This article identifies some discursive processes by which White, middle-class, native-English-speaking, U.S.-born college students draw on a monolingualist ideology and position themselves and others within a language-race-nationality matrix. These processes construct the speakers' Whiteness and nativeness in English as unmarked and normal; mark nonnative speakers of English as non-White and foreign; and naturalize connections between language, national origin, and race. I argue that dominant ways of talking about race in the United States persist as templates for creating arguments about language. Ideological models are projected onto each other, recursively reproducing a hierarchical social order in which U.S.-born citizens, native English speakers, and Caucasians retain a privilege widely perceived to be a natural outcome of certain characteristics thought to be intrinsic to American-ness, nativeness (in English), or Whiteness.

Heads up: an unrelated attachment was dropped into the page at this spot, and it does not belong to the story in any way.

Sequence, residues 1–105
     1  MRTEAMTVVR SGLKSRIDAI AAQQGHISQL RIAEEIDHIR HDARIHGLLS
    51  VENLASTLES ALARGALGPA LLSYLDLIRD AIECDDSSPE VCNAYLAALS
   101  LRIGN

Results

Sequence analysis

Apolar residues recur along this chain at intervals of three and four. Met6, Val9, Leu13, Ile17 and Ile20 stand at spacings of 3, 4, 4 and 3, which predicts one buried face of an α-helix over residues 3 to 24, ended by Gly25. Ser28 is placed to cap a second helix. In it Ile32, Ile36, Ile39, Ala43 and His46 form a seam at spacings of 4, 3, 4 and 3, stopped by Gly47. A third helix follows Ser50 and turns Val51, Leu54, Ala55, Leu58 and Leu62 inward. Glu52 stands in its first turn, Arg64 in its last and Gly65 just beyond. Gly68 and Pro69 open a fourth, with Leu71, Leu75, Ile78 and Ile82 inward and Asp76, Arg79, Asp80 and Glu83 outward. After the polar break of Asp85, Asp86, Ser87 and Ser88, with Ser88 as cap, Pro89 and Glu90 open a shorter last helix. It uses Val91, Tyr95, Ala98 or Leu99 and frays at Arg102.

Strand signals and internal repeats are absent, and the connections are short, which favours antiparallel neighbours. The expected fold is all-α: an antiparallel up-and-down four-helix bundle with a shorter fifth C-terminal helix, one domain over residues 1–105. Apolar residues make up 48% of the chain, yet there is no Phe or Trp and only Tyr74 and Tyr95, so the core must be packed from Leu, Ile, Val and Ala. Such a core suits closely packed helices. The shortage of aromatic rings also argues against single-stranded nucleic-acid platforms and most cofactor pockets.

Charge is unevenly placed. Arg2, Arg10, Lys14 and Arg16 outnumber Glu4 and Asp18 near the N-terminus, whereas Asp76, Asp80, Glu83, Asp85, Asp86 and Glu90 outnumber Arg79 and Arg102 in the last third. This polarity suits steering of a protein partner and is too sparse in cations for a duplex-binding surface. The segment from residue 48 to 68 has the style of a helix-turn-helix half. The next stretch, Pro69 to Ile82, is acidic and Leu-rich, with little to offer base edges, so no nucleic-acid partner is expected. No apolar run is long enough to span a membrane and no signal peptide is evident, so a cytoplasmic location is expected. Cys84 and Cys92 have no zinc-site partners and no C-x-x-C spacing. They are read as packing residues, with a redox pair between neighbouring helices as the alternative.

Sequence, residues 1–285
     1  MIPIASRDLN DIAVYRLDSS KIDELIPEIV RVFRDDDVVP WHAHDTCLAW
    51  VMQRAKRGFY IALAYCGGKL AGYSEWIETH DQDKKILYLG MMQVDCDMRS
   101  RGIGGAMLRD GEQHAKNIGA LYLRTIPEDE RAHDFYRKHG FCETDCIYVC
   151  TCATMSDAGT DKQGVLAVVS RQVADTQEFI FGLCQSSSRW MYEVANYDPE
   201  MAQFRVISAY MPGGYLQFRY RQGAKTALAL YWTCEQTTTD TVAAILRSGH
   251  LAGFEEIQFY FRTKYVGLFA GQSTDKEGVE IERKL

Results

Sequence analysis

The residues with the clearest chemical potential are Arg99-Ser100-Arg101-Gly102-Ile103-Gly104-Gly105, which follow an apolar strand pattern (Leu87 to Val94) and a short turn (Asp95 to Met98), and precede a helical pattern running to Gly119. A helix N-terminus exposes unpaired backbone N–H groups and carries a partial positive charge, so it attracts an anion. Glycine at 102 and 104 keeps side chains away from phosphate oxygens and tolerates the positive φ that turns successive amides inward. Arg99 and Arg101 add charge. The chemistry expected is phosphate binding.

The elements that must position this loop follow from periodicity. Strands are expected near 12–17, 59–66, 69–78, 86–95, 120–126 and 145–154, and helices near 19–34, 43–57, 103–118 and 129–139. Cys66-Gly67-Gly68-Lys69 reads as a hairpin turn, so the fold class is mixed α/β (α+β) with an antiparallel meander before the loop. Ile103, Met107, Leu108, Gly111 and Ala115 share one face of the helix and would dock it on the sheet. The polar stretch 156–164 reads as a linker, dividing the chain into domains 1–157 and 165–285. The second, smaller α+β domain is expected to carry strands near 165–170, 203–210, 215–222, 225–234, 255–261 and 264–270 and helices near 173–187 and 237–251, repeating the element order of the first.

- language ideologies,
- discourse processes
Available at: http://works.bepress.com/gail_shuck/6/